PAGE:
Will arming teachers and increasing the number of guns in schools across Utah and American increase the number of accidental shootings in schools? If teachers are armed, will those who wish to do harm simply ambush teachers to gain access to firearms inside of schools?

Finally, arming teachers is pitting those who are trained to teach against those who are devoted to kill. Teachers will be without any protection against higher caliber, higher round capacity, and highly accurate weapons. 

In a state that has some of the lowest paid teachers nationally, is it a bridge too far to train teachers to kill in scenarios where the odds of success are stacked against them? That being said, regardless of training, I believe that our teachers will engage the shooter, as I believe our teachers will do anything to protect their children, but at what cost?

Are there alternatives aside from meaningful legislative action? Yes. Is it effective? Maybe. 

Ideas that can help minimize mass school shootings include target hardening, which is making a building more secure through the use of monitored points of entry, reinforced doors and windows, metal detectors and more security. However, all of this protection is overcome with one door left open at recess or one window left ajar during a hot day. 

Other ideas include using lesser lethal weapons such as tasers or chemical sprays or defensive gear such as ballistic shields. However, tasers are limited to less than 10 feet for effectiveness and requires an accurate shot and a shooter who is not wearing thick clothes or body armor. Chemical sprays require a similar proximity and do not affect all people. Ballistic shields are heavy, unwieldly and only protect the person behind it.

Perhaps another defensive alternative is the use of a hand-held stun grenade. These devices create a noise louder than 170 decibels when ammonium nitrate is detonated and a bright flash of light measured at 7 megacandela causing blindness for about five seconds. In comparison, a jet engine is just over 140 decibels and 7 megacandela equals the light of 7 million candles. These devices disrupt vision, hearing, and balance and is effective against persons wearing body armor.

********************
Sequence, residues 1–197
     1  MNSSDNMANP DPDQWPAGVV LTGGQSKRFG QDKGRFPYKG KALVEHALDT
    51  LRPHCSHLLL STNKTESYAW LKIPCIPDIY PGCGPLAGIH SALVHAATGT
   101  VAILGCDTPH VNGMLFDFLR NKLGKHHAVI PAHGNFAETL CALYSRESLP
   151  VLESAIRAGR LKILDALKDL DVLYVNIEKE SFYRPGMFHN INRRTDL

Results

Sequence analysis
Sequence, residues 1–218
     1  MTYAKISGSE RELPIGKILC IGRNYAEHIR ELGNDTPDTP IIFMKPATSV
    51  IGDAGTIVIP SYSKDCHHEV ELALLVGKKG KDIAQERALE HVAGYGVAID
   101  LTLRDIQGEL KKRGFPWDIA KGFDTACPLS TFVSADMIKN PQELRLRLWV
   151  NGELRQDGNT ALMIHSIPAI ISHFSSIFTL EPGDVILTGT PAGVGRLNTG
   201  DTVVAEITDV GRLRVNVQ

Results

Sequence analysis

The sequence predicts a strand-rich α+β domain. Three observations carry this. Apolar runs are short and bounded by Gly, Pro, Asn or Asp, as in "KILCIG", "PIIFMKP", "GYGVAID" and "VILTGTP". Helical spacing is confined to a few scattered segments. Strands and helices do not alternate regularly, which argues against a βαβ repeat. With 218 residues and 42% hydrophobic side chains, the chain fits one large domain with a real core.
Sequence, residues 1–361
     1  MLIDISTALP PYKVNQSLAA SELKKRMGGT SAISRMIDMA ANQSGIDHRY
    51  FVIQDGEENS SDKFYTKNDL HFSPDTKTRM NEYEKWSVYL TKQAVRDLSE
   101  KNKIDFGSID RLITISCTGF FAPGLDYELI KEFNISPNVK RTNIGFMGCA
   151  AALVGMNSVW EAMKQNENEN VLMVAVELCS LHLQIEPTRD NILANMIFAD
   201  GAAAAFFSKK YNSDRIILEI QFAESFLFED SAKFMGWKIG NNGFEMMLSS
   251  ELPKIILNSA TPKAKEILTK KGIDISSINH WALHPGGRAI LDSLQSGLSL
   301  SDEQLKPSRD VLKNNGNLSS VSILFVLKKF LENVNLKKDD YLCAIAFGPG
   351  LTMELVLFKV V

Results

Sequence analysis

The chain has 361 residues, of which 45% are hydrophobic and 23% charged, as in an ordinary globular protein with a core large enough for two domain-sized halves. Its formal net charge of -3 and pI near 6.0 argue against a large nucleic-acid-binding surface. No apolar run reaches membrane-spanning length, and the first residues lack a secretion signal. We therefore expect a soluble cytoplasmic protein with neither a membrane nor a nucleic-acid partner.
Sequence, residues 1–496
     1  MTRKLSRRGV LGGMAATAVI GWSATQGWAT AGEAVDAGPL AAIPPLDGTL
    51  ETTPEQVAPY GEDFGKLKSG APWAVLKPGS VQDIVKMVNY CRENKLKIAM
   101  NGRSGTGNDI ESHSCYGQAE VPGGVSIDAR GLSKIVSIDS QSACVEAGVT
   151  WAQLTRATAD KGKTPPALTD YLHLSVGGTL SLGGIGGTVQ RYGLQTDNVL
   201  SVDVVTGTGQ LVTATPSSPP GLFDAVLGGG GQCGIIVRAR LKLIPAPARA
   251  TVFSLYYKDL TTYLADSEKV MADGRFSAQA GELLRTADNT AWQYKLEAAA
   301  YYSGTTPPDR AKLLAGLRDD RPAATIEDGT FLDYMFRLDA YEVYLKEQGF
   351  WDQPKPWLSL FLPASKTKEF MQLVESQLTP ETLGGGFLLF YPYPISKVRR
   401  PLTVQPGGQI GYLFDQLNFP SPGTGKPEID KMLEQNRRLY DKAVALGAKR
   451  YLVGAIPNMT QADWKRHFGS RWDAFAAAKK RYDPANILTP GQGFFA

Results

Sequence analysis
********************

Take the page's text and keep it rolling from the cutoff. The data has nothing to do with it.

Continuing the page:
A teacher would simply pull the pin in the device and throw it in the general direction of the shooter. Accuracy is not needed and extensive training would not be required. However, the use of such a device guarantees that most if not all of the children in the classroom will suffer from concussions, headaches, blown eardrums, burns, bloody noses, potential injuries from shrapnel and up to death. 

At the same time, the shooter would be equally affected and give the children and teacher(s) a chance to survive. It would also alert the whole school as it would blow out windows and create a noise that would be unmistakable. Not an ideal solution, but one that gives the chance of survival where little exists now in a school mass shooting incident.

There is no perfect solution but it is undeniable that change must happen. We cannot continue to have our children killed in schools through mass shootings. Perhaps arming teachers is better than nothing, but should we do more? I believe that the family, friends and community of the 19 children and two teachers killed in Texas last week would argue yes.

Tony F. Graf, Jr. is an attorney, a member of Tooele City Council and a father of three school-age children